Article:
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A career of many starts in a few stops

October 23, 2006|Tim Brown | Times Staff Writer

DETROIT — Cardinals starter Jeff Suppan, near the end of his 12th major-league season, finished another year with 32 starts, dependability becoming his signature.

Suppan, 31, just completed his eighth consecutive regular season with at least 31 starts, through stops in Kansas City, Boston, Pittsburgh and St. Louis.

He can be a free agent in a week. His career record is about .500 and his career earned-run average -- 4.61 -- is that high because of some rough seasons around the turn of the decade.

But, just in time for the winter shopping season, Suppan has had one decent and two brilliant starts in the playoffs (giving up five hits and one run in 15 innings against the New York Mets).

He'll start Game 4 Wednesday in St. Louis, and already a few acquaintances have mentioned his playoff success might make him a few extra dollars.

"Yeah, probably a few people have said that," he said. "We'll have to wait and see."


Dave Duncan, father first and pitching coach second, defended his son, Cardinals first baseman-turned-outfielder Chris, against an anonymous scout who in USA Today called him "a butcher" in the outfield. Chris Duncan is a career first baseman who was blocked in the majors by Albert Pujols.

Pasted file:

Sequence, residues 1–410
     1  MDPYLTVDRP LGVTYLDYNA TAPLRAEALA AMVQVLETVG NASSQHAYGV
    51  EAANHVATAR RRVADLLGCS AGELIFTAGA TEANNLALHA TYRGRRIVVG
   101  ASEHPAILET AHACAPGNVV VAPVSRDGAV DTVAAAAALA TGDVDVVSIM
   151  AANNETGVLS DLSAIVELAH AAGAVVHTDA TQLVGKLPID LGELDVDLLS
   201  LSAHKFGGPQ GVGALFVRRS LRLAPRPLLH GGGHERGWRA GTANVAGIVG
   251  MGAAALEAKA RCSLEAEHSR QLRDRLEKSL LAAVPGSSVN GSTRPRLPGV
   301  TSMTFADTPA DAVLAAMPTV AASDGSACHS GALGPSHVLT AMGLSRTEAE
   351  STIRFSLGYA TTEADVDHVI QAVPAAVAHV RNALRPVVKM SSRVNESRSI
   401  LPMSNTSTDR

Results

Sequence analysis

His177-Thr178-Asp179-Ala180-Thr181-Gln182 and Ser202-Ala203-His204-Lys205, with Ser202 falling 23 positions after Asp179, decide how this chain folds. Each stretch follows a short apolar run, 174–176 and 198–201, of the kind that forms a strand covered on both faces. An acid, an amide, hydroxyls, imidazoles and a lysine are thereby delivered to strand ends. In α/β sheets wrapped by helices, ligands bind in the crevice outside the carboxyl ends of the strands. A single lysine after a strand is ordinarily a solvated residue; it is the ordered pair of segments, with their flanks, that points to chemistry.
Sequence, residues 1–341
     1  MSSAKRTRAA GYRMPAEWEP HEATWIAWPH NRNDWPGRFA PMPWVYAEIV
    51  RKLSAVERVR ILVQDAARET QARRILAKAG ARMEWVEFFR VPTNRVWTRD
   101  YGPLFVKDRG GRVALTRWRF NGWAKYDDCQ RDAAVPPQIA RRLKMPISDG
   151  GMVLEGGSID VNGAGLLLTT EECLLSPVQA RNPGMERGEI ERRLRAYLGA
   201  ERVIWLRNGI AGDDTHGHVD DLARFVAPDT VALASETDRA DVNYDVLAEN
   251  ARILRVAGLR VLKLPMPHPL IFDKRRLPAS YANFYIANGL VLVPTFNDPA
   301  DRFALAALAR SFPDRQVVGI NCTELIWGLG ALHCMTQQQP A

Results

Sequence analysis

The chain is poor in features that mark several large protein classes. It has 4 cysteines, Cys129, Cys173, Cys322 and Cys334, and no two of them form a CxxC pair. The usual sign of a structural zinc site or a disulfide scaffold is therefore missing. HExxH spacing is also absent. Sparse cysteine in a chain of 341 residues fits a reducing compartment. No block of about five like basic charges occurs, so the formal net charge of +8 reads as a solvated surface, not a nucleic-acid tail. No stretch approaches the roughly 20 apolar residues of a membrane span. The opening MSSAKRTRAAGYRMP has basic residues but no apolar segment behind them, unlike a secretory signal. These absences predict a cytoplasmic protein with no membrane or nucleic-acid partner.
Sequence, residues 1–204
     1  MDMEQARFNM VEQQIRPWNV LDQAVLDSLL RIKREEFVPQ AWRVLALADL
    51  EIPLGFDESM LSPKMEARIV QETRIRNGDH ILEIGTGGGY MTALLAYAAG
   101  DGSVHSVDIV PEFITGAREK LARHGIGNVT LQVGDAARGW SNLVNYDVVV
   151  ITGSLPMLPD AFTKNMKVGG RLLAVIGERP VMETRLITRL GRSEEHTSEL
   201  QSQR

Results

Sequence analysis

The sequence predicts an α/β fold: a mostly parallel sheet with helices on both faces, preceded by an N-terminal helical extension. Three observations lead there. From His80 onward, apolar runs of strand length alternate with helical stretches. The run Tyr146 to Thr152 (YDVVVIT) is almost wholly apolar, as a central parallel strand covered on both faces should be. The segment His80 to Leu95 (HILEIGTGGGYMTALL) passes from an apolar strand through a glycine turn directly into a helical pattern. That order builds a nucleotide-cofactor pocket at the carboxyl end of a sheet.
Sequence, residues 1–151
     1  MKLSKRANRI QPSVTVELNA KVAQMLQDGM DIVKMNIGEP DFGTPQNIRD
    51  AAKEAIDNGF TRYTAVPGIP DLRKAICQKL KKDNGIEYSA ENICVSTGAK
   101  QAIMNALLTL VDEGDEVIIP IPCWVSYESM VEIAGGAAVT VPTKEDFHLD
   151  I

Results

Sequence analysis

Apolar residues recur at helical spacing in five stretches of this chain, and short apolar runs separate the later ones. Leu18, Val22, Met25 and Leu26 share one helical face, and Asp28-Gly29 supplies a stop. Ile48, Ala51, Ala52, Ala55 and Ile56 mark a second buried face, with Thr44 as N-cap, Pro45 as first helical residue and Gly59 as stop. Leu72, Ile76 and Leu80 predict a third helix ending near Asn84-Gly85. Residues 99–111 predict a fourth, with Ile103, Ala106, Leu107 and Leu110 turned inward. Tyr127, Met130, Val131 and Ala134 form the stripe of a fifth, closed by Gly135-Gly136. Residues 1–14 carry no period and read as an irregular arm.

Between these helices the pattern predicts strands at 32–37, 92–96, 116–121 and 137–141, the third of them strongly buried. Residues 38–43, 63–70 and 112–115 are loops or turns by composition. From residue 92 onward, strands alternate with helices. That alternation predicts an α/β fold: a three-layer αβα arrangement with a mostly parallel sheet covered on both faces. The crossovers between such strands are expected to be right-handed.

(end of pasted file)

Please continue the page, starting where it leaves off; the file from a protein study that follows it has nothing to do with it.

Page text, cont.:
"It upsets me because he gets labeled a 'bad defensive outfielder' without anyone explaining why," Dave said. "I think he does pretty well under the conditions.

"That label, it's hard to erase, and it stinks."

In other news, Duncan was the designated hitter in Game 1.


Nate Robertson, who will start Game 3 for the Tigers in St. Louis, will have made all three of his playoff starts on the road. The first was in New York, the second in Oakland. For Robertson to get a start at friendly Comerica Park, the World Series would have to go seven games.

"It's certainly a different atmosphere," he said of the road starts, "because you have to deal with the boneheads in the stands."

He couldn't have meant New Yorkers.


Over four postseason appearances, hard-throwing Tigers reliever Fernando Rodney had given up one hit and no runs in 4 2/3 innings before Sunday.

Rodney features a fastball, a changeup and, once in a while, a slider.

"He throws the slider as often as [Troy Percival] threw his curveball when he first came up," said Tigers pitching coach Chuck Hernandez, the former Angels coach, "like once a month."

Robertson ranks Rodney's changeup among the top three in the big leagues. The others, Robertson said: Trevor Hoffman and Johan Santana.


Sign of the season: In the Tigers clubhouse two hours before game time, a small television in the corner replayed a National League Championship Series start by Jeff Weaver. The huge, almost-life-sized television in front of the couch was turned to the Vikings-Seahawks NFL game.

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